Chip Kelly has much to sell to his players

PHILADELPHIA -- Chip Kelly has no shortage of ideas. Watch the Philadelphia Eagles practice, and talk to Kelly and his players afterward, and you see and hear all about the flood of new ideas and information rushing through the facility. From the robotic voice directing players to the next agenda item ("Period 17. Teach.") to the coaches performing elaborate hand gestures on the sidelines before each play to the staff members wearing tall, flyswatter-shaped backpacks designed to simulate a pass rush in drills that don't use pass-rushers, Kelly has a program whose every detail has been researched and tested thoroughly. Ask Kelly why he's doing something, and he's got a reason. He has done his thinking.

And from the standpoint of a fan or a reporter eager for information about a team and its new coach in the May doldrums, this is great stuff. Everything in Philadelphia is new and worth asking and learning and writing about. If you're the kind of player who thinks deeply about football and imagines himself a coach someday, Kelly is a gold mine of football ideas. If you're team owner Jeffrey Lurie or GM Howie Roseman, this is the stuff that drew you to this man as the choice to lead your franchise into a new era.

But in the end, what's going to decide the extent to which Kelly succeeds in Philadelphia is the extent to which his players buy in. Not just the super-inquisitive ones, but all of them. Right now, there's a ton of stuff to learn, and Kelly is keeping his players busy with classroom work and practices that don't offer any downtime. And right now, in late May, that's working fine, because no one's hitting anyone and no one's yet lost a game.

The key to all of this really will come in September, when we and the Eagles all get to find out how this stuff translates to the field. Once the season starts -- maybe even before the season starts -- Kelly must find a way to sell his systems and his ideas and his thoughtful practice quirks to his players. And although he exudes intelligence and competence, those aren't necessarily always the qualities that help a coach connect with his players. What we don't know about Kelly yet is how he'll connect with his players on the kind of emotional level that helps drive them -- how he'll navigate them through the trying ups and downs of the season, helping them handle the disappointment of a loss or a losing streak and build on wins and successes.

Say what you will about Andy Reid, Kelly's predecessor in Philadelphia, but his players loved playing for him. While he famously refused to show it in news conferences, Reid had warmth and empathy, and his strength as a coach was the way he managed a locker room and each individual inhabitant of it. Things fell apart for Reid when the players stopped responding to him the way they always had, and that's why Kelly is on the scene in the first place.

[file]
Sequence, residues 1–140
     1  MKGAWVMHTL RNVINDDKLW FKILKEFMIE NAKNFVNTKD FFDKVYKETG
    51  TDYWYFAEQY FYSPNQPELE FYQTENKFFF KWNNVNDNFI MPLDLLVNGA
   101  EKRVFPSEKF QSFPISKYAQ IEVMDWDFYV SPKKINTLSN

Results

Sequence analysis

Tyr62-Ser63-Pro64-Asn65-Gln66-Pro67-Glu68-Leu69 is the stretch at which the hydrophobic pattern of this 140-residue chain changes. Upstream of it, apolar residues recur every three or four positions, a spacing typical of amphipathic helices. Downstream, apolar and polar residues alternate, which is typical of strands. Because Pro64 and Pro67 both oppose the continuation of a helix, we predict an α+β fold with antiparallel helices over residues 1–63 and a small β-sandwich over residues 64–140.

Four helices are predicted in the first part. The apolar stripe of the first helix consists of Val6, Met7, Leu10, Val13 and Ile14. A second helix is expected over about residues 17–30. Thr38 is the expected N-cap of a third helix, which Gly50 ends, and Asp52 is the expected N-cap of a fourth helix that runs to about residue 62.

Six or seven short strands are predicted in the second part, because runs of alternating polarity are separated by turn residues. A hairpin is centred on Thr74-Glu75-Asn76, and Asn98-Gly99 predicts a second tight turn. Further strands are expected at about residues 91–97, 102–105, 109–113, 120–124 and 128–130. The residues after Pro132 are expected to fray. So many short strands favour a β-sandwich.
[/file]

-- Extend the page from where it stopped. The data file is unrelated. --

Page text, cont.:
A lot will depend on the way things go at the start. If the Eagles get out of the gate quickly, reel off a couple of wins and see obvious benefits to all of the unusual things Kelly has spent the offseason asking them to do, then the sell will be an easy one. If he's Jim Harbaugh from the start, his chances of being a success story jump dramatically, and he may never have to change anything about the way he relates to people. (If that's even an issue to begin with.)

But if the Eagles struggle at the start, as they may well do with their questionable quarterback situation and their new defense with new and old players in new and strange roles, Kelly's priorities will have to shift from the chalkboard to the stools in front of the lockers. The NFL can grind down a player or a group of players when things aren't going well, and the extent to which losing and failure builds on itself in a league so physically draining is crippling. The Eagles of 2012, who couldn't buy a win in November or December, are just the latest testament to the way a team can, consciously or otherwise, shut itself down when it begins to feel as though its weekday efforts aren't being rewarded with Sunday success. And when and if that starts to happen, that's when Kelly will get/have to show something about his coaching ability that hasn't been discussed all that much so far. That's when we'll find out how good he is at managing the people involved in this equation, as opposed to the equation itself.

If things go badly with Kelly and the Eagles, they have a chance to go spectacularly badly -- to flame out quickly and completely. New stuff sounds nice in May, but if it's not working in September and October, it becomes the target of scorn and the reason to turn on a coach. It's on Kelly to sell his ideas to his players in a way that will keep them buying in whether they're winning or losing.